Tuesday, January 04, 2011

New Test Fruits for 2011

I have some spots for new fruits. Golden Delicious has to go - no apples for 7 years; 2010 was the most promising but succumbed to disease. There is no room for consistent non performers. In addition, Chinese Mormon Apricot died last year. And finally, the Hazel nuts produced, and the squirrels got every nut. I don't think I can protect them from squirrels, and if I do it will be too much effort. So I think the hazel nut trees, will go, even though they look like they'll have a lot of nuts this year.

I need to re-think the peaches, too. The genetic dwarfs actually look beautiful, bloom like crazy, but require a lot of effort to cover from the rain to prevent leaf curl. I didn't have time this year. I may spray with copper this week, if I get a chance. Not sure how that will work if it is freezing.

Here are the selections I am thinking about from Raintree.

I did research on late-blooming (to avoid frost), leaf-curl-resistant peaches. There isn't enough information to choose one over the others - if I could, I would pick the latest-blooming, most leaf-curl-resistant. However, it looks like the old variety, Indian Free, has a good record in the Northwest (taking that with a grain of salt). The down side is it needs a pollinator, but I currently have 3 genetic dwarf peaches and one peach-plum hybrid, so I hope that at least one of those will suffice. Raintree states: "Said to be one of the all-time highest rated fruits at taste tests, this heirloom variety was grown at Monticello by Thomas Jefferson, who prized it for its rich color, flavor and size. Naturally resistant to peach leaf curl, the tree produces heavy crops of large, aromatic cling stone peaches that have red skin and white flesh marbled with crimson stripes. When fully ripe in mid to late season, the rich, sweet, distinctive flavor is excellent both eaten fresh." and David Wilson nurseries states this peach wins their taste test. I feel frustrated about the genetic dwarfs, they are really beautiful small trees and I invested a lot of time and effort, and space, to them, but to (potentially) lose a year's crop because I didn't have time to do leaf curl prevention in November/December is frustrating. And it takes several years to bring a new tree into production.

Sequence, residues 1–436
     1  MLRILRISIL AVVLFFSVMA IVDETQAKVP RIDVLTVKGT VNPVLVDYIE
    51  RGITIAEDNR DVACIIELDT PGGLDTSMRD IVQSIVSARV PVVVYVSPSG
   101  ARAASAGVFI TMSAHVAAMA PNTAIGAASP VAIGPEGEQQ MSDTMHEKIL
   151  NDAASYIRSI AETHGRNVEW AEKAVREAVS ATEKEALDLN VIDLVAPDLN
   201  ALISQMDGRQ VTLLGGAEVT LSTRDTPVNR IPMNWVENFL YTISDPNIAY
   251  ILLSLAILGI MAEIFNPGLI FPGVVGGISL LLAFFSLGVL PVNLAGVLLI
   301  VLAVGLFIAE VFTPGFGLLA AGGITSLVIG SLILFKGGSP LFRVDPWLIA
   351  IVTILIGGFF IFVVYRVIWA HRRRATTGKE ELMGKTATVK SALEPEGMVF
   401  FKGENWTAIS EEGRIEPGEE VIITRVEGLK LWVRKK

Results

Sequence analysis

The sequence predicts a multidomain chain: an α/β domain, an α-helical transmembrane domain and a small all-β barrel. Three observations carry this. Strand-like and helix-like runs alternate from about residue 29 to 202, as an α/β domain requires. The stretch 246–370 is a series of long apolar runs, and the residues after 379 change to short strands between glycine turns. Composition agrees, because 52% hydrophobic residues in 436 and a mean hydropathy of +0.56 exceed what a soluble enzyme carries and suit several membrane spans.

Cherries have been doing well, but the challenges are early bloom, resulting in loss of a lot of cherries to frost, and splitting when there is a late rain. Two years ago I added a tart cherry, Sure-Fire. It had its first few cherries last year, and I hope for a larger crop this year, although it is still young. Tart cherries do not nead a pollinator. Many, but not all, sweet cherries do, and it's complicated because some will not pollinate others. Raintree Nursery (source of these pictures) has pollinator information. I chose this variety, Almaden Duke, as a self-fertile variety, hoping they are sweet enough to eat out of hand and will bloom later. We'll see.

Finally, I want to re-think strawberries. I usually get too many in June, and they become a mess of runners. I would like to try an ever bearing variety in barrels or raised beds, for easier maintenance. I have a couple of barrels to use, so plan on trying that. I chose Seascape Ever bearing to test due to good reviews on the internet.

The change for strawberries will mean much less maintenance. The barrels are very easy to maintain. And I hope an extended season with fewer berries at any given time. This is in keeping with my goals of 2011. The cherry is easy to maintain at small size by backyard orchard culture methods (see label link), and the peach should be easy as well - so genetic dwarf may not even be necessary.

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